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Let $R$ be a commutative ring with a multiplicative id. The question reads:

Let $r$ be an element of a ring $R$. Show that, in the polynomial ring $R[X]$, the polynomial $1+rX$ is a unit if and only if $r$ is nilpotent. Is it possible for the polynomial $1 + X$ to be a product of two non-units?

I've done the first part, it wasn't too bad. But I'm quite stuck with the second, and any hints or pointers would be appreciated. Am I looking for a proof or counterexample? What kind of thing should I be looking at? Etc.

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  • $\begingroup$ Is there anything I can do to make the question clearer? $\endgroup$ – Shakespeare Feb 14 '15 at 10:47
  • $\begingroup$ You look for a proof for awhile, then look for a counterexample for awhile, etc. $\endgroup$ – Qiaochu Yuan Feb 14 '15 at 11:08
  • $\begingroup$ @QiaochuYuan Yes I didn't just post without trying... I've been at this for about an hour $\endgroup$ – Shakespeare Feb 14 '15 at 11:09
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Hint: Is there any ring where it is possible to write $1 + X = (1+aX)(1+bX)$?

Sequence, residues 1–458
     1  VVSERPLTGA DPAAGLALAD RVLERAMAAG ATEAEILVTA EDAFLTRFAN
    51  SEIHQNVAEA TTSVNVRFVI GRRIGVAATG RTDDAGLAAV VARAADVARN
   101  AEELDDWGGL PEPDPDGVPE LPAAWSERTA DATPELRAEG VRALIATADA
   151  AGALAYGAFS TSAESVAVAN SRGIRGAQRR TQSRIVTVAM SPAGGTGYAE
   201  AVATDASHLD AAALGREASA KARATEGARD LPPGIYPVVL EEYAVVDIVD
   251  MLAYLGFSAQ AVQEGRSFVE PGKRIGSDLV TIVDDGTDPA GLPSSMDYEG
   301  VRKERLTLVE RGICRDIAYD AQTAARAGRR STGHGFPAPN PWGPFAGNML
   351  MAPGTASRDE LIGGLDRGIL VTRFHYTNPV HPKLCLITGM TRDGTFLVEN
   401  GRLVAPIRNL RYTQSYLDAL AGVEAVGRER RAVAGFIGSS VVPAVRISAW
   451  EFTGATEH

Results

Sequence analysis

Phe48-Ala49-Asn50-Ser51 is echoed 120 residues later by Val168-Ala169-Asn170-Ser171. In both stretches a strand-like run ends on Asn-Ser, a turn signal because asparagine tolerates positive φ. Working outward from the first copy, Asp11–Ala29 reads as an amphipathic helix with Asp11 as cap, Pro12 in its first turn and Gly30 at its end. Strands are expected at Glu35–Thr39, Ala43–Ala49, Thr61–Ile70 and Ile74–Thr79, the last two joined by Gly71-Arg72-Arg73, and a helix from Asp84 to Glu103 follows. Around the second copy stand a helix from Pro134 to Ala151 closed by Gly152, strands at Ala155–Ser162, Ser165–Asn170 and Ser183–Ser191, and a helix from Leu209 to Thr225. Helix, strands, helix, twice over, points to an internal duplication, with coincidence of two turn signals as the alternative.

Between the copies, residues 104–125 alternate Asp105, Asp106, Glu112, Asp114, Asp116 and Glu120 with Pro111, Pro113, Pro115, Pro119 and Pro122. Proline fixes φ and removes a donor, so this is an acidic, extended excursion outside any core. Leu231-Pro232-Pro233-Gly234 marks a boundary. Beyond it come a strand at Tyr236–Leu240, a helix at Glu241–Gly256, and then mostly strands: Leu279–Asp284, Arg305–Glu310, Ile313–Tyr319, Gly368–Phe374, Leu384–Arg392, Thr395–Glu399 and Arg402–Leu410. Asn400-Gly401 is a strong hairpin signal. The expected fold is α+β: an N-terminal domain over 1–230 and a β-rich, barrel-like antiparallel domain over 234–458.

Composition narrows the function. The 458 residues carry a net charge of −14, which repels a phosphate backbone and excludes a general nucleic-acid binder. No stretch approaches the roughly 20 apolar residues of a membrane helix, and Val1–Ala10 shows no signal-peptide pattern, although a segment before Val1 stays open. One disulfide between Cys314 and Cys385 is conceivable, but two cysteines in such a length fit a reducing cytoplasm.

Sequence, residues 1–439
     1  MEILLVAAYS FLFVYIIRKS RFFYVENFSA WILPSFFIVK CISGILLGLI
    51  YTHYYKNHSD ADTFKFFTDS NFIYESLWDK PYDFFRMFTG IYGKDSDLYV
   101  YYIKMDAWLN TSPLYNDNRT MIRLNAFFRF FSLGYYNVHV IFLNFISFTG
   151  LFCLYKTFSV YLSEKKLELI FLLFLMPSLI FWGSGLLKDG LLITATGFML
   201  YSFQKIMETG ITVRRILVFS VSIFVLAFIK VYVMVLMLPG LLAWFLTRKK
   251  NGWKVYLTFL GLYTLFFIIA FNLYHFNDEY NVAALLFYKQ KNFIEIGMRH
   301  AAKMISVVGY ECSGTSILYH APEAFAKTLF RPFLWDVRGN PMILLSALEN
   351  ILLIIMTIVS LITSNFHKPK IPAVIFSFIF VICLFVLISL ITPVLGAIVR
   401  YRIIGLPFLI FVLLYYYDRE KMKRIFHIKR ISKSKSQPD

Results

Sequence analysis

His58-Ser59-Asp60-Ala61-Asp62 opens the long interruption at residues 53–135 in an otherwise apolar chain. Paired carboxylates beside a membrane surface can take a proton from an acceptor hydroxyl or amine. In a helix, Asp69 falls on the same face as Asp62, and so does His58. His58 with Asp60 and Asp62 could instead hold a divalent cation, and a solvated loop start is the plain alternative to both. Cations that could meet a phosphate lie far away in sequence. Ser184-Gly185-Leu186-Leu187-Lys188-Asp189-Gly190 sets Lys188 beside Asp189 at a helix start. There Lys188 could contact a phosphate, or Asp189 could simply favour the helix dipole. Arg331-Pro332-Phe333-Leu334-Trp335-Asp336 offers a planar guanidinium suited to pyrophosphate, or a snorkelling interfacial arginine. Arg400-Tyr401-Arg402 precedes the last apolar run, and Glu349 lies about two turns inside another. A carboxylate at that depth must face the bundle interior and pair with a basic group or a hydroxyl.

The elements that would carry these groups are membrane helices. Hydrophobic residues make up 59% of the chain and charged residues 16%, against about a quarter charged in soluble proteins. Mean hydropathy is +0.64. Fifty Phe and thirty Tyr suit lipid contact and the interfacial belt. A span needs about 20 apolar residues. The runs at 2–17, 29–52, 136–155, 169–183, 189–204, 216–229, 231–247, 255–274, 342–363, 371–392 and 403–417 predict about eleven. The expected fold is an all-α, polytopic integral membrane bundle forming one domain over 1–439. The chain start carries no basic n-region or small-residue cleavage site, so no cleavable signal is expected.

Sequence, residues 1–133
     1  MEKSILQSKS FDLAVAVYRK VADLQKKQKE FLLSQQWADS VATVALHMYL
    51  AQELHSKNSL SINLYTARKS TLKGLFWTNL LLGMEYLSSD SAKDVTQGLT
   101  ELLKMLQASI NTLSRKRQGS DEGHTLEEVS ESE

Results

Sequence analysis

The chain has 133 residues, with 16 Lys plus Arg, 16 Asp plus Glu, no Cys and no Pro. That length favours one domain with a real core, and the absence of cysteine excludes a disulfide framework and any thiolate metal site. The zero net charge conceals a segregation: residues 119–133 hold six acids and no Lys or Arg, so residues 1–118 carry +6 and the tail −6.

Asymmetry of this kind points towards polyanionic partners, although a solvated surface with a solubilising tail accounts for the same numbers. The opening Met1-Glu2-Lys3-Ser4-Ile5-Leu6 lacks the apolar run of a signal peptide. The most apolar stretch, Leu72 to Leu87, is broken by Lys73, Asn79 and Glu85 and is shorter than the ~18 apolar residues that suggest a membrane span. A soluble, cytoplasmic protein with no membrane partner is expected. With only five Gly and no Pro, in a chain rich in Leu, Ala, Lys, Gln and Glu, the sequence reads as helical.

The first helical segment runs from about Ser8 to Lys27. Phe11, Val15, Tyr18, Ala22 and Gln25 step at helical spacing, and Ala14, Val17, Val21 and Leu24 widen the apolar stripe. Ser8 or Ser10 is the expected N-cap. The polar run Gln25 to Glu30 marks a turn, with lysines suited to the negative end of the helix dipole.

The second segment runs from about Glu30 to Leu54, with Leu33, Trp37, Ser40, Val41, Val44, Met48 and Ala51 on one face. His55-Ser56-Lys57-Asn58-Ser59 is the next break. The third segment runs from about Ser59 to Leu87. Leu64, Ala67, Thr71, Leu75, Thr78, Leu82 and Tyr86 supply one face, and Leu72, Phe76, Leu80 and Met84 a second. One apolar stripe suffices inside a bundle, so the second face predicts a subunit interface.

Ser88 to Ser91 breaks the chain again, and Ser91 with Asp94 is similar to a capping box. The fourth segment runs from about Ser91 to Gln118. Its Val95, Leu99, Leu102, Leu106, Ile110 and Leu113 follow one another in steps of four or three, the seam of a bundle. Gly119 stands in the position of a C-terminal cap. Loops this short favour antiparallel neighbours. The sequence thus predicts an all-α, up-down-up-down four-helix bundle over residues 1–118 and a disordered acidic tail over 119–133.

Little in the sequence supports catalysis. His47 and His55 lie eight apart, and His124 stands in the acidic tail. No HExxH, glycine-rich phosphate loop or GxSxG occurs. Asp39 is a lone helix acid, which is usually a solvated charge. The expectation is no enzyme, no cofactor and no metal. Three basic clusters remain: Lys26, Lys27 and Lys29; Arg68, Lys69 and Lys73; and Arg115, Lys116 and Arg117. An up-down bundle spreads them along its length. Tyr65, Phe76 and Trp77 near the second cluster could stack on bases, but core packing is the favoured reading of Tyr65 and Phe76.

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  • $\begingroup$ That's possible (without making $(1+aX)$ or $(1+bX)$ units) if and only if $a+b=1, ab=0$ which implies $b(1-b)=0$ or equivalently $b=b^2$ which means we are not in an integral domain... Does $\mathbb{Z}/6\mathbb{Z}$ with $b=3+\mathbb{Z},a=4+\mathbb{Z}$ work? (P.S. Thanks a lot :)) $\endgroup$ – Shakespeare Feb 14 '15 at 11:08
  • $\begingroup$ @Shakespeare That's exactly what I had in mind. You can use the first part to conclude that these factors are not units. $\endgroup$ – Slade Feb 14 '15 at 11:22
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    $\begingroup$ @Sha Indeed, $\ (1+ax)(1+(1\!-\!a)x)\, =\, 1+x\ $ in $\ \Bbb Z/a(a\!-\!1)\ \ $ $\endgroup$ – Bill Dubuque Feb 14 '15 at 19:30

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